We talked and talked until it was time for me to go to a Josie Long gig on my own. Josie Long used to do funny surrealist humor but lately has had a sort of superficial social justice bent, and where the comedy was supposed to be was a bunch of jokes I didn’t get about Ed Milliband and a bunch of not-jokes involving her anger with the increasingly-conservative government. Based on her opining about not being friends with Lena Dunham yet, I think Josie Long is just part of the breed of famous white feminists in the UK like Caitlin Moran who only give a fuck about other white middle class women. It was pretty disappointing! I’d preferred if she had actually done a full comedy routine instead of political rants totally lacking nuance.
The next day I made myself fancy and
I went to my first Little Vintage Fair at St. Andrew’s Hall.
Going to a giant medieval guildhall absolutely brimming with vintage clothing and hats and jewelry, and catered by a teashop serving delicious pies, is pretty much still the absolute most ideal place for me. I was a cat rolling around in a sunbeam.
I got a haggis pie from Biddy’s for lunch and some yummy Fentiman’s cola, and I found this incredible Beatles dress:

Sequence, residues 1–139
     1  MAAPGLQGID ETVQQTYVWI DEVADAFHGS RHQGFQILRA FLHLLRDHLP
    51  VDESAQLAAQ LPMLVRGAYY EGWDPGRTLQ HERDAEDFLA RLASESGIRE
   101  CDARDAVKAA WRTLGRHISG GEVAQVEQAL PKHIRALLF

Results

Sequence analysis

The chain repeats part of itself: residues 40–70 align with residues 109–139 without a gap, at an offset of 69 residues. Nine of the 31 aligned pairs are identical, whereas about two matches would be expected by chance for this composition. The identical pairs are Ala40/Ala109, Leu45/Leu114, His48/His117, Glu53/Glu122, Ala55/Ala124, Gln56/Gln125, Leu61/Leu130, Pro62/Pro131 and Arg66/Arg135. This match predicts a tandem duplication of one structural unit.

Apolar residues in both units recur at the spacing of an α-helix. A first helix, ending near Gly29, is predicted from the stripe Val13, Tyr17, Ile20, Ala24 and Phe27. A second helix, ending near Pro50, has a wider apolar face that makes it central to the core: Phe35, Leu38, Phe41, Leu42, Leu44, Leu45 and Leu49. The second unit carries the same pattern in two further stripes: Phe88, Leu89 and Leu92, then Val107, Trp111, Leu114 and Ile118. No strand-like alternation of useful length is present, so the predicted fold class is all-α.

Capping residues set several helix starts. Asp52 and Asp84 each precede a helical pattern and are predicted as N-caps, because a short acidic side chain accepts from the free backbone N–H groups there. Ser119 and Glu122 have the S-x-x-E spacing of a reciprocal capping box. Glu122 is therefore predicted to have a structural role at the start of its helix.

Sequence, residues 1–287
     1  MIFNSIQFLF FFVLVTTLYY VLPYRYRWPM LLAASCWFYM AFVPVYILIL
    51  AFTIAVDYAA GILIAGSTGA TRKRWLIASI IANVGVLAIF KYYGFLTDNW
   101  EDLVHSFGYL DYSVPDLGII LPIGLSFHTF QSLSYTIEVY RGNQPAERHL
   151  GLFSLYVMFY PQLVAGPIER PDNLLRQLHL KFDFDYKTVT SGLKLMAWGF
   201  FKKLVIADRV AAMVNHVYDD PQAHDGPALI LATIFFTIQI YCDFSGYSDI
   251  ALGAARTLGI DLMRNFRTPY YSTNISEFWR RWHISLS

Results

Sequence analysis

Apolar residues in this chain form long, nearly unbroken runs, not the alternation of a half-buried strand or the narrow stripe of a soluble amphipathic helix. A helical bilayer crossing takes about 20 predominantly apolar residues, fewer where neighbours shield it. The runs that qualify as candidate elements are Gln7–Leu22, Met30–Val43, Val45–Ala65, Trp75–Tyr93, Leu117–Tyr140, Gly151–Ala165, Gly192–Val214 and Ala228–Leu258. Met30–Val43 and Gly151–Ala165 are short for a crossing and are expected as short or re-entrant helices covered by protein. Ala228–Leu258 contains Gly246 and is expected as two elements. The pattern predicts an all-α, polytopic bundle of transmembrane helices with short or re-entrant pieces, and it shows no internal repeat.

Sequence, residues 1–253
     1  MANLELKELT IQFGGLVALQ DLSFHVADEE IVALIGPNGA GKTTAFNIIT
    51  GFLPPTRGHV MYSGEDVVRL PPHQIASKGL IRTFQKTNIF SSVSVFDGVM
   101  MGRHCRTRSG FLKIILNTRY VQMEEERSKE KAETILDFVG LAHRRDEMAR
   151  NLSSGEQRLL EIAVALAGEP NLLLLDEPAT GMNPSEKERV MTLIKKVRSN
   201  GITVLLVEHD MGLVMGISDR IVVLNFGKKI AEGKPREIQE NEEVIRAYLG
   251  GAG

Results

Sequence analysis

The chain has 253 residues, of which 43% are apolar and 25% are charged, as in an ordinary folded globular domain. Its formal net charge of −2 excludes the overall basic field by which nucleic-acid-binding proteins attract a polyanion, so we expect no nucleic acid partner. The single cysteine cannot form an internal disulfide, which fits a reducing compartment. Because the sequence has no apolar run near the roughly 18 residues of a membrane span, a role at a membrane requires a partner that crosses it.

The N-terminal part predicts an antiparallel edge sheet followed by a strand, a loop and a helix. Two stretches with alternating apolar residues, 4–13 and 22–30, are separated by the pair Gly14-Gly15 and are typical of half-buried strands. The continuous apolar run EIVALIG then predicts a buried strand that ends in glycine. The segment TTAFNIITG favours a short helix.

I can be fairly sure it’s actually from the 60s because of the weird poly-blended fabric, and I think it was hand-made by a Beatlemaniac in her home ec class because there’s no tag. I wanted to be the ultimate nerd and wear this on a trip to Liverpool but– sing it with me now– I never got a chance.
Even though I was clearly capable of having fun on my own, I still felt the compulsion to attach myself to other people, and went on yet another internet date with a man who worked as a Viennese postman. We started out at the Belgian Monk, which would have been lovely if I had just let myself order Krieks because that is what I enjoy drinking, but a project I was embarking on in the UK was forcing myself to like beer, so I started out with a super gross cookie beer. Bars in Norwich close early so at around 10:45 we were pushed out, and we headed up Pottergate to the Birdcage, which at the time smelled spectacularly like mold. My date for some reason met up with his friend at the Birdcage so I was able to nurse a cider and pretend like I didn’t exist while they chatted, which I usually wish I could do on first dates but people don’t normally invite their friends. The Birdcage rang the bell for last orders not soon after we got there, so we pushed on to Delaney’s.